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The Process of Noticing How Pieces Come Together in the Puzzle of Our Lives.

Monkey Puzzle Tree ©Lynne Buchanan
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Sometimes life seems like a big puzzle. We do so many different things and try on so many roles, each one seemingly disparate or so we often think at the time.  I worked in the art world in Washington, D.C. and New York City.  Then I raised three children, the last of whom is leaving home at the end of next month, I also studied and taught writing, and in my free time I ran marathons and did triathlons.  Now I teach yoga, am a photographer, and do volunteer work in the hopes of preserving our environment for my children's children.   While I was learning these roles, I was totally focused on each one.  It seemed I did one thing and then another, like I was changing the channel on the television set I rarely watch.  It made me wonder who, if anyone, was really behind all these roles, and if I would ever progress enough in any one area for my efforts to amount to anything.  I was envious of people like my middle son, who seemed to know exactly what he wanted to do while he was still in high school and has deviated only slightly, from physics to higher level math.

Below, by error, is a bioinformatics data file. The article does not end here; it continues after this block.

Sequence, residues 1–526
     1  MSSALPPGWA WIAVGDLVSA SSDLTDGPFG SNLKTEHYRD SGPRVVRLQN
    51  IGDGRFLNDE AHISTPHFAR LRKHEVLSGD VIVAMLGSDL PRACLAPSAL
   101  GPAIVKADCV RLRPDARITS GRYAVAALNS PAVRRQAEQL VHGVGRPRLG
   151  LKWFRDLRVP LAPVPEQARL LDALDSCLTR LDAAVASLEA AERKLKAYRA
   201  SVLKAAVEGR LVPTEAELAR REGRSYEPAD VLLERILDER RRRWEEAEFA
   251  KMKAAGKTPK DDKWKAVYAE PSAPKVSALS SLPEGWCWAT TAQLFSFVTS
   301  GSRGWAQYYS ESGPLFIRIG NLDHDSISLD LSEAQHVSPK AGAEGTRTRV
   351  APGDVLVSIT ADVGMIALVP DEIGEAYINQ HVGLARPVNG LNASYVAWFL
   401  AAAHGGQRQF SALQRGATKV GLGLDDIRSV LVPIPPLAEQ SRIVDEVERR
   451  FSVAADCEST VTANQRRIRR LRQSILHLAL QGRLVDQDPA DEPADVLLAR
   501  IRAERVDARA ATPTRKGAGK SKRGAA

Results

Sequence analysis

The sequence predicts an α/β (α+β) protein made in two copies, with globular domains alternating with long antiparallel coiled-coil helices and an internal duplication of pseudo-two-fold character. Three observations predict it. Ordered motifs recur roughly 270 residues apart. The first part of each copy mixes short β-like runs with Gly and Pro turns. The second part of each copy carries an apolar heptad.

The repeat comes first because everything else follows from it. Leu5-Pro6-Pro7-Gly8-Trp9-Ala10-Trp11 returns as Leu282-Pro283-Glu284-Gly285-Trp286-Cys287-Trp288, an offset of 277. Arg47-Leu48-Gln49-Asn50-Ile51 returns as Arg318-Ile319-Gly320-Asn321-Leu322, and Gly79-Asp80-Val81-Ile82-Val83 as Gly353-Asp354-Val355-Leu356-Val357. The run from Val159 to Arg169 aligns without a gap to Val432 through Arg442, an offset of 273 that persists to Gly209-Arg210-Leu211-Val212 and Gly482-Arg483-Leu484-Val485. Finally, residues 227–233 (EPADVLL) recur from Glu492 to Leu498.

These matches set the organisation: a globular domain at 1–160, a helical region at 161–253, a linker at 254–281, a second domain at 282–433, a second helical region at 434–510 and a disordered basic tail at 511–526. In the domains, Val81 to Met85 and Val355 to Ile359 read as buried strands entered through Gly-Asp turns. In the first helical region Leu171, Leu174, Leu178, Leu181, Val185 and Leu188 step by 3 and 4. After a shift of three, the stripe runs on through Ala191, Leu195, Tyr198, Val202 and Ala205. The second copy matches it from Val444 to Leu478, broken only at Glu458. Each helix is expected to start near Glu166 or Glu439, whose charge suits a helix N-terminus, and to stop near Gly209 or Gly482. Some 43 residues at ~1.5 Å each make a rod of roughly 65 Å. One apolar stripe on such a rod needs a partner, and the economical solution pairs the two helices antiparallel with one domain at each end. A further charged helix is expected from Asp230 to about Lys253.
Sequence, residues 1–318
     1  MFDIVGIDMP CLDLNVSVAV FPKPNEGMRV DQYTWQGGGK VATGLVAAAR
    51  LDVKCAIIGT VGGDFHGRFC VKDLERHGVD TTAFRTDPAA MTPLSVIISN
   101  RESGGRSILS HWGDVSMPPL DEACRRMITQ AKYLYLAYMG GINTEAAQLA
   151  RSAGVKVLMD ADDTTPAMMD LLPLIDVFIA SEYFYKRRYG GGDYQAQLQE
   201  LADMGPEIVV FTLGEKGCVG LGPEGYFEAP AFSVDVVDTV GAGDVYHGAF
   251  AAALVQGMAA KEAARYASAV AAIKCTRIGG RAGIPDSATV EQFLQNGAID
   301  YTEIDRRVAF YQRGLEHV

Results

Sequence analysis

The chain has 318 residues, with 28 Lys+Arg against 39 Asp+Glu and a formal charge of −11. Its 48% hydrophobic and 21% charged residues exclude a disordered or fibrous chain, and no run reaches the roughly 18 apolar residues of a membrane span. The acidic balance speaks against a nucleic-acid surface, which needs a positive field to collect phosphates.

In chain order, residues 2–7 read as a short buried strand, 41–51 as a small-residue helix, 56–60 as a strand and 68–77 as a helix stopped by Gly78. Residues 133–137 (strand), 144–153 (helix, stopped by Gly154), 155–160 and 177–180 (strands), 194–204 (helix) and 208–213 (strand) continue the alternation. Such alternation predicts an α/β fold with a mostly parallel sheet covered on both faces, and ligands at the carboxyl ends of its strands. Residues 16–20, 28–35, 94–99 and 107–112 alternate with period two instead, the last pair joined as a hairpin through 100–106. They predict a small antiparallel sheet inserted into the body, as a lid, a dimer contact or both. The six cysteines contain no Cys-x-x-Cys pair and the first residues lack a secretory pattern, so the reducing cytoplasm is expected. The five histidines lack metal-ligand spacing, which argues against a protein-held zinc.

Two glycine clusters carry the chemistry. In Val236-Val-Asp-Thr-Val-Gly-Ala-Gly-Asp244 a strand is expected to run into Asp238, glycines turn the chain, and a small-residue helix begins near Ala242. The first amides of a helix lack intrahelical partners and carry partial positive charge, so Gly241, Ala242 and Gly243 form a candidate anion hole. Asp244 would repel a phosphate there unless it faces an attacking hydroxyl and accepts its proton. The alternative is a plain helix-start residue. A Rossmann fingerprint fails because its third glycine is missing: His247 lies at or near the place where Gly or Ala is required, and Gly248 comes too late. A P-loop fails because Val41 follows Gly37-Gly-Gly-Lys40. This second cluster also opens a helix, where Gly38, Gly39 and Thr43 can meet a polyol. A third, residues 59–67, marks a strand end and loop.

Lately, I have realized that comparing myself to people and seeing myself as a lesser being was just one of my ego's ploys to get me to stop stepping out of my comfort zone in order to pursue my dreams.  We can't ever really compare ourselves with anyone else because we all have different experiences that help shape our unique natures, and no one can ever be better than we are in being ourselves.   I am also starting to realize that although I thought nothing I pursued related to anything else I did, my life is actually coming together.  As we start our journey, our steps are tentative and our understanding of who we are beneath all these facades is unclear.  At first we just notice isolated synchronicities, but then they occur more and more as long as we remain open to following our paths and don't get stuck along the way. The more we grow, the more our fundamental nature begins to crystalize and the more clearly we are able to envision how we can live best, celebrating our individuality yet recognizing that we are part of a web of life that is of equal value to our own existence.